In 1880, Dr. Dorsey S. Baker began work to realize his long-held vision of providing Walla Walla with an adequate supply of wood for fuel and lumber. From 1880-81, approximately 200 Chinese laborers camped in what is now known as China Canyon, while working to construct a lumber flume and railroad for the Mill Creek Flume and Manufacturing Company organized by Dr. Baker.

The company purchased a small saw mill that had been established just above the mouth of Tiger Canyon, together with the main body of timber in the watersheds of Henry, Webb, China and Tiger canyons, amounting to about 4000 acres. The mill was rebuilt with new saws and other equipment, and a dam was constructed with a water wheel to furnish power. A portable steam mill was later installed at the forks of the right-hand of Tiger Canyon and moved to other canyons as needed.

Building of the Mill Creek Flume & Railroad article, June 13, 1944, Walla Walla Union-Bulletin

Building of the Mill Creek Flume & Railroad article, June 13, 1944, Walla Walla Union-Bulletin

The 12-mile main flume had 32 inch sides with a V-flume 3½ feet across, and required many trestles and several cuts to reach its terminus at Dudley, originally named for the construction crew chief and now called Tracy. There the wood emptied into a reservoir, and was cut and loaded onto Baker’s new narrow gauge railroad, which took it to town. A nearby grove soon became Walla Walla’s favorite picnic ground, and excursions on the little railroad became regular affairs.

There was also a mile of 2 foot flume up Henry Canyon; another 2½ miles up Tiger Canyon, a little more than a mile up China Canyon, and a 1¼ mile flume up the left fork of Tiger Canyon.

The China Canyon flume was built a year following the finishing of the railroad, but the day after completion a cloudburst washed out much of the main flume and all the flumes in the side canyons, burying the portable mill under 30 feet of debris. Although all were rebuilt, the next year a second freshet took out all the flumes in the side canyons, and shortly after that the boiler of the Webb canyon mill blew up, bringing an untimely end to the operations of the company.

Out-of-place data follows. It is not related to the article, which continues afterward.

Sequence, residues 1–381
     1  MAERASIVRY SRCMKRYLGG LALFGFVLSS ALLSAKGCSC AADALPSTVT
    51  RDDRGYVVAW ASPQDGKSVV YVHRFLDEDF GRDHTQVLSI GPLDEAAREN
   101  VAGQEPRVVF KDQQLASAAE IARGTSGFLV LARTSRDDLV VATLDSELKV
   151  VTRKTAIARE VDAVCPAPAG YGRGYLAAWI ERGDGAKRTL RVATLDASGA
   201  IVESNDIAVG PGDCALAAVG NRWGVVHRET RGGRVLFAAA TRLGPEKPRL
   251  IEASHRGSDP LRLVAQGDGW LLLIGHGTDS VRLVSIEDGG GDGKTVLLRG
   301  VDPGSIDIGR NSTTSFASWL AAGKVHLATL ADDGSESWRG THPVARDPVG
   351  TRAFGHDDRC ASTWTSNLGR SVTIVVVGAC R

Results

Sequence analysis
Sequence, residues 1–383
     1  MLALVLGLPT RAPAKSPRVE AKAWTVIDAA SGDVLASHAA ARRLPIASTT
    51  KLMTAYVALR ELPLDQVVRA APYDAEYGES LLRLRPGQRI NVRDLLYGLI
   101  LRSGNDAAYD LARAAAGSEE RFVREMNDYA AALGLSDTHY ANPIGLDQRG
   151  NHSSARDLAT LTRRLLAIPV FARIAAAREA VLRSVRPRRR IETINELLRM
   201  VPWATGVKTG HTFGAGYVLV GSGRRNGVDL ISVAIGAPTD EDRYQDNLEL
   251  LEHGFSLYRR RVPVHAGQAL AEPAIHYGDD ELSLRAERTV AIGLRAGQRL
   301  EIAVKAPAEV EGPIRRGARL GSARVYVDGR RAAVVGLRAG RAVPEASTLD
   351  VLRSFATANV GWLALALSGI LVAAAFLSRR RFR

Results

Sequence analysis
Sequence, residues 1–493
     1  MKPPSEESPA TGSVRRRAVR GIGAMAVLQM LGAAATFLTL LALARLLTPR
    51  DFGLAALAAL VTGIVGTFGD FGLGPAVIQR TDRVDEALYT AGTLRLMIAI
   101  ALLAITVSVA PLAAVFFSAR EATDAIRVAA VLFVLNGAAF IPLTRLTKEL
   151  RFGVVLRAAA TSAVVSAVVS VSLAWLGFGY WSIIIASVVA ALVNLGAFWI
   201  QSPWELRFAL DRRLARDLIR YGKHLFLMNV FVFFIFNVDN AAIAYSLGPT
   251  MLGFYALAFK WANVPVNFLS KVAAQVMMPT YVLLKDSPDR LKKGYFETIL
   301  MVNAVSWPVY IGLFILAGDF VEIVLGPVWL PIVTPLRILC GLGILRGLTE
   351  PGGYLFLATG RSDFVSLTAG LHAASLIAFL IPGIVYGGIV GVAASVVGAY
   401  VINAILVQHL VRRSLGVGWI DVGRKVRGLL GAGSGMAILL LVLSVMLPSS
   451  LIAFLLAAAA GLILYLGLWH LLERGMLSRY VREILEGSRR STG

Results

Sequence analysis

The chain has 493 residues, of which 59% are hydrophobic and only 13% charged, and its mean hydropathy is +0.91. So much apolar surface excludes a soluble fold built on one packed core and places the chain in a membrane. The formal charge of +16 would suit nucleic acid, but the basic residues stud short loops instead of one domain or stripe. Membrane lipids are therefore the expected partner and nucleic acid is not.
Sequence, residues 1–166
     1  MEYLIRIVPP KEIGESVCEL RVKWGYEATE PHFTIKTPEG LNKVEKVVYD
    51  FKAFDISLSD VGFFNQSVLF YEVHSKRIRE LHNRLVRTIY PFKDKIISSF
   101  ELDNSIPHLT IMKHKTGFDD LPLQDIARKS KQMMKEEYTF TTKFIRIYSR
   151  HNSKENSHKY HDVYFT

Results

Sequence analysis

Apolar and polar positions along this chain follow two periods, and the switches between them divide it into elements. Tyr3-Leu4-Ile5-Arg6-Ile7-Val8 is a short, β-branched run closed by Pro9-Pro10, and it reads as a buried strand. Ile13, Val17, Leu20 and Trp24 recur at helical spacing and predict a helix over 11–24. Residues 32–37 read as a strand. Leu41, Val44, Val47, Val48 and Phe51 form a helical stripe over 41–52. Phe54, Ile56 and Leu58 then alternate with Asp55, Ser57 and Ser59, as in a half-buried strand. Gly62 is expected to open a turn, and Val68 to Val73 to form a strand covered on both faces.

In 1882, a branch of the narrow gauge line had been built from a point two miles below its Mill Creek terminus to the village of Dixie, then known as Baker City. Clay from the quarry there was shipped to the penitentiary for brick-making, along with wheat, several other products, and some passengers. By 1890, control of the railroad had passed to the Oregon Rail & Navigation Company, then on to the Union Pacific, to the Northern Pacific which converted it to standard gauge, and ultimately to the Burlington Northern, which closed the line in 1970.

The Klicker Springs Hotel & Spa

Klicker Springs Hotel & Spa

Klicker Springs Hotel & Spa

Almina Garland, a widow, arrived in the Walla Walla area in 1891, and homesteaded 160 acres along Mill Creek. After marrying Jake Klicker, Almina built the Klicker Springs Hotel & Spa at the mouth of Henry Canyon, with help from her uncle Jimmy Woodyard. A steady stream of mineral spring water was piped from the mineral springs across Mill Creek for use in the hotel’s bathhouses. The spring water was rich in sulphur, soda, iodine and iron; as a result it was also used to make a variety of spritzers and soda drinks that became popular in Walla Walla.

The hotel building was located on present-day Straw Spring Lane, previously known as Cold Springs. In about 1919, the old frame hotel was torn down and a new log building was constructed across the road on the site of the resort campground. This building served as the Klicker Springs Hotel until the mid-1920’s when it closed, and the log structure became the Klicker home place, which is still standing.